The role of side effects in shifting patients from first line to second line ART at Nthabiseng Clinic in Soweto, Johannesburg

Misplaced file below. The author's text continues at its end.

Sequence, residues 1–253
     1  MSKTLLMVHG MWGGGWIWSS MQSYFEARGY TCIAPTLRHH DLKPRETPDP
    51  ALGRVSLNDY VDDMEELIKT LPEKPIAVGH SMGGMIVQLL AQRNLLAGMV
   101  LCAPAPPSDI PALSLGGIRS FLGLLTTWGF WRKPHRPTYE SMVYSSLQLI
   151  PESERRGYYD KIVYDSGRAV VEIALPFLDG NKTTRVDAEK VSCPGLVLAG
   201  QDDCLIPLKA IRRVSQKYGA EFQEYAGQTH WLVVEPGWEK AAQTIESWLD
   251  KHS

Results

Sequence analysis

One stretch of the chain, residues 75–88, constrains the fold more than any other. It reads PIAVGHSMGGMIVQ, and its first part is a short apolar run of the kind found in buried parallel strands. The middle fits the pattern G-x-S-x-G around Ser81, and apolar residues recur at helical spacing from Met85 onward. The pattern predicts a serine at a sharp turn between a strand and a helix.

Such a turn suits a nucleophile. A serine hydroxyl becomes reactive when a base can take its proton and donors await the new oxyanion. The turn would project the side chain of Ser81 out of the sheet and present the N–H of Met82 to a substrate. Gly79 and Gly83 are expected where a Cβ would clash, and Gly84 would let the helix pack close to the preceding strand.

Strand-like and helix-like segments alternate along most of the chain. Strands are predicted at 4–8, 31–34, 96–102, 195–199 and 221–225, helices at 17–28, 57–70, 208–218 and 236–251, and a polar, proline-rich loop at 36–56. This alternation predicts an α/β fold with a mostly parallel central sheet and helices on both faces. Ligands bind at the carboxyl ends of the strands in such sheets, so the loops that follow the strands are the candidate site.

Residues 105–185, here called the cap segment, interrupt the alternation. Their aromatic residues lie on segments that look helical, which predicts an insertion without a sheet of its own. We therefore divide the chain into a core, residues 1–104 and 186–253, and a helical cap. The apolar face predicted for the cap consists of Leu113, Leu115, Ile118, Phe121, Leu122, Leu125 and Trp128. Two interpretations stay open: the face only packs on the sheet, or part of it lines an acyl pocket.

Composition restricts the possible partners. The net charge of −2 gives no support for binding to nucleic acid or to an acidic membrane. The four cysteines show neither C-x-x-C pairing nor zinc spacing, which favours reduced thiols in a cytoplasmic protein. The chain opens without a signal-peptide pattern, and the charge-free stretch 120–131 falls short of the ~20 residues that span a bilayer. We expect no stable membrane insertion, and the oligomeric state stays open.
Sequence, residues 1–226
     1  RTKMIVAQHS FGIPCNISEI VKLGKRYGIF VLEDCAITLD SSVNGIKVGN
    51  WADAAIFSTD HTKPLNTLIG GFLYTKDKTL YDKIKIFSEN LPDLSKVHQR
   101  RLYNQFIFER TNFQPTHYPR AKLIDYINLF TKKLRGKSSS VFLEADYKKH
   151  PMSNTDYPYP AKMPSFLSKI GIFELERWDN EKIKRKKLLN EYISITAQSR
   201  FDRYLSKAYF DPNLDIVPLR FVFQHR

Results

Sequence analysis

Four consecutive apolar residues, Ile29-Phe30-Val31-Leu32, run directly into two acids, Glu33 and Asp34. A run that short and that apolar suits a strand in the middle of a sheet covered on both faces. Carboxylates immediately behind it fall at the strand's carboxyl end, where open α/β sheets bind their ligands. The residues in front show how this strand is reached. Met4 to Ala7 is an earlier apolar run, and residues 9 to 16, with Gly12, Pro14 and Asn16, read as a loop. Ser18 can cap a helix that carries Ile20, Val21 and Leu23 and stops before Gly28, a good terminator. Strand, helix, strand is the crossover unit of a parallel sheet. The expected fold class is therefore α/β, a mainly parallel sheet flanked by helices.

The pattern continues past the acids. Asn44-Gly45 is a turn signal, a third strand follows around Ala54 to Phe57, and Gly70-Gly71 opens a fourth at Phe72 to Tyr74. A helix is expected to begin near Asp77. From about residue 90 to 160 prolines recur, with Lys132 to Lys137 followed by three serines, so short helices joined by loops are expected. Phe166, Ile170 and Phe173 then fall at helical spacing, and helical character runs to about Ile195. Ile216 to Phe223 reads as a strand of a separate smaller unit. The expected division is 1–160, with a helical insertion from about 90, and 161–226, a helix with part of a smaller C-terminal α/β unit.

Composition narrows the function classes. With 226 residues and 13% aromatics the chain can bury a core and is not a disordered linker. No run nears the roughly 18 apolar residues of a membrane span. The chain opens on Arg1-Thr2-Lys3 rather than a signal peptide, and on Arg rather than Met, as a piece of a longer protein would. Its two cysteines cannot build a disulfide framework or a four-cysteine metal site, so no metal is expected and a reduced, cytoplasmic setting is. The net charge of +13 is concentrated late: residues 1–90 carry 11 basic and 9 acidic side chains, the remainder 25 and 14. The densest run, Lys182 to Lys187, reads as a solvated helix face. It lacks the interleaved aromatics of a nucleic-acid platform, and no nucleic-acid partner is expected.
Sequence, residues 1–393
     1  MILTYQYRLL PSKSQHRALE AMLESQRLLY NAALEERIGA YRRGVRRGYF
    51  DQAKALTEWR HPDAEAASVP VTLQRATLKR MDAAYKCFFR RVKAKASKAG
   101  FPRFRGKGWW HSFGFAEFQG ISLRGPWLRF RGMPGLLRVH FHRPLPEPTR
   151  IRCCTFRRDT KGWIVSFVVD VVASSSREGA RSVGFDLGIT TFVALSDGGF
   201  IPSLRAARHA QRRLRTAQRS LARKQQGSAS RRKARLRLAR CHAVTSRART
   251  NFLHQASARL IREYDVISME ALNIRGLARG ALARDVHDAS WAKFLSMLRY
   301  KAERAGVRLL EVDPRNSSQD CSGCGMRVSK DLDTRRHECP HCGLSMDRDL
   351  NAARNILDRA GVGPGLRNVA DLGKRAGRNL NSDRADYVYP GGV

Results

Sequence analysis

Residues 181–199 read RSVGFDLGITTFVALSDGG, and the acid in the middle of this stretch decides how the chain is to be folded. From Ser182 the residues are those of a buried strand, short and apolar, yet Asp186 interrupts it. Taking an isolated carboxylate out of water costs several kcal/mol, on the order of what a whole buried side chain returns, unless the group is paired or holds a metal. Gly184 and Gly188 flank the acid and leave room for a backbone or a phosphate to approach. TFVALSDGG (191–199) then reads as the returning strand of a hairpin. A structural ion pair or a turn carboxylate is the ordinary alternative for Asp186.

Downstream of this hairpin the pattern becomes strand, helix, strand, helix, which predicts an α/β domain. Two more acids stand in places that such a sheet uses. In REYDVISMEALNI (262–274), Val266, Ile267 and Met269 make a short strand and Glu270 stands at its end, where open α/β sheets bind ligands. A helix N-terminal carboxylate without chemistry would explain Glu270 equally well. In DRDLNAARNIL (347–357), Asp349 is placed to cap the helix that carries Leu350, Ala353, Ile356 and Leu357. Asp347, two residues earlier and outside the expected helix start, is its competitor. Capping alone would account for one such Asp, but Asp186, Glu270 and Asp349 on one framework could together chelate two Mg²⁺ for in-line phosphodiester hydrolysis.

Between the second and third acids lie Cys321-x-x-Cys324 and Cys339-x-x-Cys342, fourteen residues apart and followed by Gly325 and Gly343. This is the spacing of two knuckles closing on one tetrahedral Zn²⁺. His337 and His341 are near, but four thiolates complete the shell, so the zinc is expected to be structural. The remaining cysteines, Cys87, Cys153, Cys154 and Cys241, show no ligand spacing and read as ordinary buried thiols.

The Human Immunodeficiency Virus (HIV) which causes Acquired Immunodeficiency Syndrome (AIDS) has caused a global scare with mainly poor African countries suffering the greatest burden. Treatment of HIV is more of palliation rather than cure such that there is no room for treatment interruption if treatment goals are to be met. Antiretroviral treatment is associated with short term and long term side effects which have the potential to negatively impact on the high levels of adherence to treatment that is required to maintain virological suppression and may eventually lead to development of drug resistance and treatment failure. This research aims to identify the extent to which these side effects, through possible poor adherence, impact on treatment successes by measuring the risk that side effects contribute towards treatment failure. Methods Secondary data analysis was conducted on a cohort of patients who initiated ART between 2004 and 2010 at a large tertiary facility in Johannesburg. Patients who were switched to second line ART due to treatment failure were identified. Assessment of side effects on adherence was done. The hazards of side effects among patients switching and not switching to second line were calculated using Cox proportional hazards regression adjusting for other socio-demographic and clinical predictors for treatment failure. Interaction between side effects, gender, age and that of side effects and adherence was investigated. Time dependent covariates were also investigated. Confounding was controlled using multivariate Cox regression analysis. Results There were 5285 patients in the baseline cohort with multiple entry points who contributed 16035 person-years of follow up. The cohort consisted of 63.2% females and 36.8% males. Of these 85.9% were initiated on stavudine (d4T)- based regimen, 7.1% on tenofovir (TDF), 6.3% on zidovudine (AZT)-based regimen and 0.7% on other regimens. The median and mean time at risk per subject was 2.2 and 2.3 years respectively. A total of 770 episodes of side effects due to first line ART were experienced with some patients recording multiple side effects at different time points. Adherence data were found to be missing and incoherent in some of the regimen dosages and could not be used to objectively compare patients. There were 430 patients who were switched to second line ART due to treatment failure. Relative to the group of no side effects, the adjusted hazard ratios for mild, moderate and severe side effects were 1.40 (95% CI=0.94-2.09) p=0.10; 1.72 (95% CI=1.35-2.20) p<0.01 and 1.24 (95% CI=0.65-2.35) p=0.52 respectively. Therefore, overally side effects did not seem to play a role in the time to switch to second line ART. Sex, baseline CD4 cell count, the period during which ART was initiated and the time between date of testing HIV positive and date of initiating were significantly associated with the time to switching to second line ART. Conclusion The study informs that side effects overally may not play a significant role in switching patients from first line to second line ART with the exception of moderate side effects. However, patients who experience side effects should be closely monitored and adequately counselled to help them cope with the side effects so that optimal adherence levels are maintained. Availability of adherence scores or additional information on pills that should have been taken on periods during which pills were reported to have been missed would have made the research more valuable by allowing objective comparison of adherence among patients.